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Course overview

Cultural industries play a vital role in modern societies. Bringing together perspectives from media and cultural studies with business studies, this programme combines critical understanding of the cultural industries with the development of key business skills.

Modules examine the structures, organisation and operations of the cultural industries together with cultural policy frameworks and the unique professional roles and practices characterising cultural work. These studies are conducted in conjunction with modules concentrating on entrepreneurial creativity, launching new ventures and leading entrepreneurial growth. By advancing this range of knowledge and skills, the programme addresses the conditions, working practices, and challenges that define cultural industries and shape the work of cultural practitioners.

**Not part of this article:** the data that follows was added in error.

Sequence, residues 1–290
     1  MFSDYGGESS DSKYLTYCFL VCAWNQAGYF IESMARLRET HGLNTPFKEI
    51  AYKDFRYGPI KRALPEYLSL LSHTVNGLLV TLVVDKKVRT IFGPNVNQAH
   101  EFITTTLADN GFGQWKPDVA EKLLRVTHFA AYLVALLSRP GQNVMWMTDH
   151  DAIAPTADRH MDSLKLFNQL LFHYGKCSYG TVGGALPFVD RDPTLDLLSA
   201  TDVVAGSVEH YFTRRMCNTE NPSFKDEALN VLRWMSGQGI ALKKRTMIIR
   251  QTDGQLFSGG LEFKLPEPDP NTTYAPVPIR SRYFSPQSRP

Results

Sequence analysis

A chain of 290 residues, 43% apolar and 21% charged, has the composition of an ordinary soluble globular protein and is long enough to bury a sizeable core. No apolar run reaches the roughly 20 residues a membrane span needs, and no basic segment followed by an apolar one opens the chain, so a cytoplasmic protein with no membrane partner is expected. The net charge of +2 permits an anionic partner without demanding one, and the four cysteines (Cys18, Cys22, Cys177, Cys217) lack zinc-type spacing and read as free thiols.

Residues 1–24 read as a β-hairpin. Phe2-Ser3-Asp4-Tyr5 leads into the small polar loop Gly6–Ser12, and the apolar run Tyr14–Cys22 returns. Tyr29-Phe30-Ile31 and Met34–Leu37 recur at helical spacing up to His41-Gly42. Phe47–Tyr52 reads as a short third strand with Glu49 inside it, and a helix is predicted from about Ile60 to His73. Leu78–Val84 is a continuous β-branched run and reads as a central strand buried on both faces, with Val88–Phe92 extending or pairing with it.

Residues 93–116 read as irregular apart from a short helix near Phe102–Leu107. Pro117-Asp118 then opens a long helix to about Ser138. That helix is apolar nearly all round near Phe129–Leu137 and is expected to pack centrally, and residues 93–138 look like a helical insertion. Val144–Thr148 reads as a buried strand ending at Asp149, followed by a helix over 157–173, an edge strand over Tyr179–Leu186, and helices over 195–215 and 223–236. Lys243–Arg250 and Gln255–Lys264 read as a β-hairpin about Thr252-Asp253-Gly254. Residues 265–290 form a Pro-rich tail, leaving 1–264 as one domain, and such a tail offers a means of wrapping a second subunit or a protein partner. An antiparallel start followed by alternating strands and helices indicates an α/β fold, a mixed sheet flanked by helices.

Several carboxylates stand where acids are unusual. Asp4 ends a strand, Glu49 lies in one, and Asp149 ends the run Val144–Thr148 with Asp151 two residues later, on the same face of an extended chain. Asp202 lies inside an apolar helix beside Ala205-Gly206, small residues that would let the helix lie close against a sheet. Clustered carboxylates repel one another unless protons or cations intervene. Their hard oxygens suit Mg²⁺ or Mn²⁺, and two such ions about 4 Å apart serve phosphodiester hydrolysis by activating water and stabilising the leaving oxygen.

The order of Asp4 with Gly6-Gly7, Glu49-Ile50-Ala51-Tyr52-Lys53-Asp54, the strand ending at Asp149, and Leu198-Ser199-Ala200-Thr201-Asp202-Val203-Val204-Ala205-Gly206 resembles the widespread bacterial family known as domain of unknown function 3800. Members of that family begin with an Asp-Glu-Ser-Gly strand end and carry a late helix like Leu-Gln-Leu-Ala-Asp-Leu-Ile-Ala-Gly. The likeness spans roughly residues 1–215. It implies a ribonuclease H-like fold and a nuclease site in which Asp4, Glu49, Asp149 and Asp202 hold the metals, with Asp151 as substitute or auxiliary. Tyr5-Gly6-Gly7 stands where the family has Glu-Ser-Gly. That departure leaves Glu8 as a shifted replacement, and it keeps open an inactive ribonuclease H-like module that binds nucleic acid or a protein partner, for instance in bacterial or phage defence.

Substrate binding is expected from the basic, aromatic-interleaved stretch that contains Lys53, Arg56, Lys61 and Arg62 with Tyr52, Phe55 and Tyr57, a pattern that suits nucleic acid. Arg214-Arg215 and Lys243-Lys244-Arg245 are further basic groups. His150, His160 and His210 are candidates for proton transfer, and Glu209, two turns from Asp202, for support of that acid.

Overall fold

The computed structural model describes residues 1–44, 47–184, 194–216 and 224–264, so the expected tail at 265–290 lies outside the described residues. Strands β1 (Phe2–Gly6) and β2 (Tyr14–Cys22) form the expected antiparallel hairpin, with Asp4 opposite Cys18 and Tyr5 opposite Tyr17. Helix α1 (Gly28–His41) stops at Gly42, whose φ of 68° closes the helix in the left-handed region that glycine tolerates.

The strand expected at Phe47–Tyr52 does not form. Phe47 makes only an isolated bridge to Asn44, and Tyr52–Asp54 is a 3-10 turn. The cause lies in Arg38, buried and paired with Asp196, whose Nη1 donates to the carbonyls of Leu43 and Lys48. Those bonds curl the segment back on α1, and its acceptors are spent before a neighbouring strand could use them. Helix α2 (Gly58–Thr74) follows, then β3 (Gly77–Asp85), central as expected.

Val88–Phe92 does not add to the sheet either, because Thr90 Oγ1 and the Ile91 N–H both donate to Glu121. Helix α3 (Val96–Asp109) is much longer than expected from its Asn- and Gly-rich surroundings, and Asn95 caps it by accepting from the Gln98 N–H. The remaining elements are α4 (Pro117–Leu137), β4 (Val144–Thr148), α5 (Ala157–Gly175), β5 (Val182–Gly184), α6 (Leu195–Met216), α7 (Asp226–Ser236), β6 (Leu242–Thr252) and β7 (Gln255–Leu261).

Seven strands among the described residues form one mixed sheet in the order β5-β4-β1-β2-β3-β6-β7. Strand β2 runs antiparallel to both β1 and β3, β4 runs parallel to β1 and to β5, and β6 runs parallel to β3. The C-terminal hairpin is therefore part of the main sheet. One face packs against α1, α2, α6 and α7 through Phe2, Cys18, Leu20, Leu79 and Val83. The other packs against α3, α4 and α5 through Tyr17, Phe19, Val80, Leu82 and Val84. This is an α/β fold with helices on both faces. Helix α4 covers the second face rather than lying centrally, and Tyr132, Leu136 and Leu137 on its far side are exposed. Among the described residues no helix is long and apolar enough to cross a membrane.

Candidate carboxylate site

Why choose this course?

Develop enterprises

Explore models for the development of cultural and creative enterprises

Sector knowledge

Make a significant contribution to the cultural and creative sector

Research in practice

Appreciate the interrelationship between fundamental research and its practical application

Essential skills

Become fluent in the financial, marketing and managerial aspects of the cultural industries.

Course content

The programme is studied full-time over one academic year, or part-time over two or three years.

 

Modules

You will study a variety of aspects of the Cultural Industries and Entrepreneurship with our experts in the autumn and spring semesters.

 

Entrepreneurial Creativity - SS Busi PG 20 credits